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PH seeks protection for endangered seabird species in Tubbataha Reefs

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By Betheena Unite

The Philippines is seeking to include Black noddy (Anous minutus) subspecies worcesteri, an endangered seabird species, in the Appendix II of the Convention on Migratory Species (CMS) to ensure its protection.

Roy Cimatu gestures during his confirmation hearing in Pasay city, October 4,2017. (Czar Dancel / MANILA BULLETIN)

Roy Cimatu gestures during his confirmation hearing in Pasay city, October 4,2017.
(Czar Dancel / MANILA BULLETIN)

In a draft resolution submitted by the country to the CMS secretariat, it sought the approval of more than 120 nations attending the 12th Meeting of the Conference of Parties to the CMS to be held in Manila from October 23 to 28.

Black noddy is a kind of seabird that breeds only in two islets in the Tubbataha Reefs Natural Park off Palawan province.

The inclusion of the endangered species in the in Appendix II will put the Black noddy in the category of migratory species that have unfavorable conservation status and require international agreements for their conservation and management.

“The inclusion of these migratory species in Appendix II of CMS is necessary to ensure their protection not only by the Philippines, which play host to these species, but also in other countries that they visit,” Environment Secretary Roy Cimatu said.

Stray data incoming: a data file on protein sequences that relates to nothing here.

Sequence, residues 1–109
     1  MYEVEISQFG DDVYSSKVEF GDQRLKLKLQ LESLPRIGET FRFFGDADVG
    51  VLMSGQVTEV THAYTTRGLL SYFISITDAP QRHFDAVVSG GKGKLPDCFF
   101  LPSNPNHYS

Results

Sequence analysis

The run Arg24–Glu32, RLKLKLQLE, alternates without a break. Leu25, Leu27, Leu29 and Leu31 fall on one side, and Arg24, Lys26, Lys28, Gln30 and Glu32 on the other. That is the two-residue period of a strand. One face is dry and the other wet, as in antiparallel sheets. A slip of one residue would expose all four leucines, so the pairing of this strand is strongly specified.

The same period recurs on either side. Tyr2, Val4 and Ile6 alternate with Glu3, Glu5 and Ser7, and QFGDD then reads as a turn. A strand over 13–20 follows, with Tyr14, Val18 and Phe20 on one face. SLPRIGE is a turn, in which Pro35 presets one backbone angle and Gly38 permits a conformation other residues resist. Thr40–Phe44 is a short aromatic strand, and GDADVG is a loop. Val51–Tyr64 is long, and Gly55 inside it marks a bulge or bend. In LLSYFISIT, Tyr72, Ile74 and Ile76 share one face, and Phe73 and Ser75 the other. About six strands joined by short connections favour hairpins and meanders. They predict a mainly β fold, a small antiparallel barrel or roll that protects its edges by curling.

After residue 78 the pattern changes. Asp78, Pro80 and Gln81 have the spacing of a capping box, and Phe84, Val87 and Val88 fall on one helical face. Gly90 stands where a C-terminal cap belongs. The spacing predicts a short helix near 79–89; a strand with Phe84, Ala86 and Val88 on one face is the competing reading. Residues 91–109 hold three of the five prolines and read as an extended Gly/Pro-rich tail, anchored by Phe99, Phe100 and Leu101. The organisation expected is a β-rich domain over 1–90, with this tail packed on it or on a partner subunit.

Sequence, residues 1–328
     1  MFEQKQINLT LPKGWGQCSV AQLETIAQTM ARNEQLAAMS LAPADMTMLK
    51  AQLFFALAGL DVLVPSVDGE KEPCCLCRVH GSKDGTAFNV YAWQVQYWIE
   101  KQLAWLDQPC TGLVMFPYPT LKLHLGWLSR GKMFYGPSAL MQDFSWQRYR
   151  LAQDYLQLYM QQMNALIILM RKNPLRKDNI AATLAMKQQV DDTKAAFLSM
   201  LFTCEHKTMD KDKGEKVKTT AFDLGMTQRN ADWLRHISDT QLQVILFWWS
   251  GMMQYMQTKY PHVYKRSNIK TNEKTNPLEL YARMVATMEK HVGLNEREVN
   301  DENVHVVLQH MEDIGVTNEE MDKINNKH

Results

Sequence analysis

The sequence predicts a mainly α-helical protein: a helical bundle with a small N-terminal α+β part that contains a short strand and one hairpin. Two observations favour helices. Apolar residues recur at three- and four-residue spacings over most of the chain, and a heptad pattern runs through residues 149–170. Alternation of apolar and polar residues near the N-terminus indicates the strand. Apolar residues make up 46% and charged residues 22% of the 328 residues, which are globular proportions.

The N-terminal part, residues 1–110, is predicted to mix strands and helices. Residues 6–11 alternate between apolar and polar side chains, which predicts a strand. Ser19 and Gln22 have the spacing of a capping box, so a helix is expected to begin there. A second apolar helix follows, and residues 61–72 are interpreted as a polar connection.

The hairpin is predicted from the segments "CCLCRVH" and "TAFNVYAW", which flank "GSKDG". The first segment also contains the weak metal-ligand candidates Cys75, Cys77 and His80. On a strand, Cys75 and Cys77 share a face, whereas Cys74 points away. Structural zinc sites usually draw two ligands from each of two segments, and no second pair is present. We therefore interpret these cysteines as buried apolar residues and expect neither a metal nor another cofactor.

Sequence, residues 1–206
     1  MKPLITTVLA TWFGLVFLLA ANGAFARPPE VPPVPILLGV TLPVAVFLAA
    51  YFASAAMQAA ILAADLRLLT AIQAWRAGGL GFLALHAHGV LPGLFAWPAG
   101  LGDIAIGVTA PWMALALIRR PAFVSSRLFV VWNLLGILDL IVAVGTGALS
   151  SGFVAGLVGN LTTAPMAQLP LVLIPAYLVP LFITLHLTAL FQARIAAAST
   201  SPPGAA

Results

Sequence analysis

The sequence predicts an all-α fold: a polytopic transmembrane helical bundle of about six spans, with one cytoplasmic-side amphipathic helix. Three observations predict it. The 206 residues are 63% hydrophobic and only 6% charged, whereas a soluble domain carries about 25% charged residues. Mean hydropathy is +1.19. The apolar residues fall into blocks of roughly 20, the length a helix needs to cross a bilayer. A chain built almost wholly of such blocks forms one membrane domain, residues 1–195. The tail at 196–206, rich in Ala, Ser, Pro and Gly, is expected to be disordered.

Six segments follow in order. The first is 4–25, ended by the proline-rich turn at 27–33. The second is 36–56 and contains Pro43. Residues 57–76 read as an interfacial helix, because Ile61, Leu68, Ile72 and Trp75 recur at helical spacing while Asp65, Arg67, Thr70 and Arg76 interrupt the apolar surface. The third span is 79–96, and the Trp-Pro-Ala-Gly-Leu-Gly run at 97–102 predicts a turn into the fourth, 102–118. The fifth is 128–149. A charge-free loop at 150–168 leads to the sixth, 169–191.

Cimatu further called on CMS party nations to approve the country’s draft resolution on the Black noddy and three other migratory species being sought to be included in the Appendix II.

Aside from the Black noddy, the country is seeking for the inclusion in Appendix II of the White-spotted wedgefish (Rhychobatus australiae), Christmas Island frigatebird (Fregata andrewsi), and Yellow Bunting (Emberiza sulphurata).

The Black noddy is a seabird from the tern family, characterized as small and with darker plumage, a white cap, a long straight beak and short tail, the environment agency said.

Meanwhile the Biodiversity Management Bureau (BMB), a staff bureau of the Department of Environment and Natural Resources (DENR), mandated to protect the country’s wild species and their habitats, cited the importance of Black noddy in the ecosystem.

According to BMB director Theresa Mundita Lim, “the guano or excrement of the Black noddies produces large quantities of nutrients to the soil, which is of great importance to the plant communities on the two breeding islets.”

“This again contributes to protecting the islets from velocity of waves and reduces impacts from storms and sea-level rise,” Lim said.

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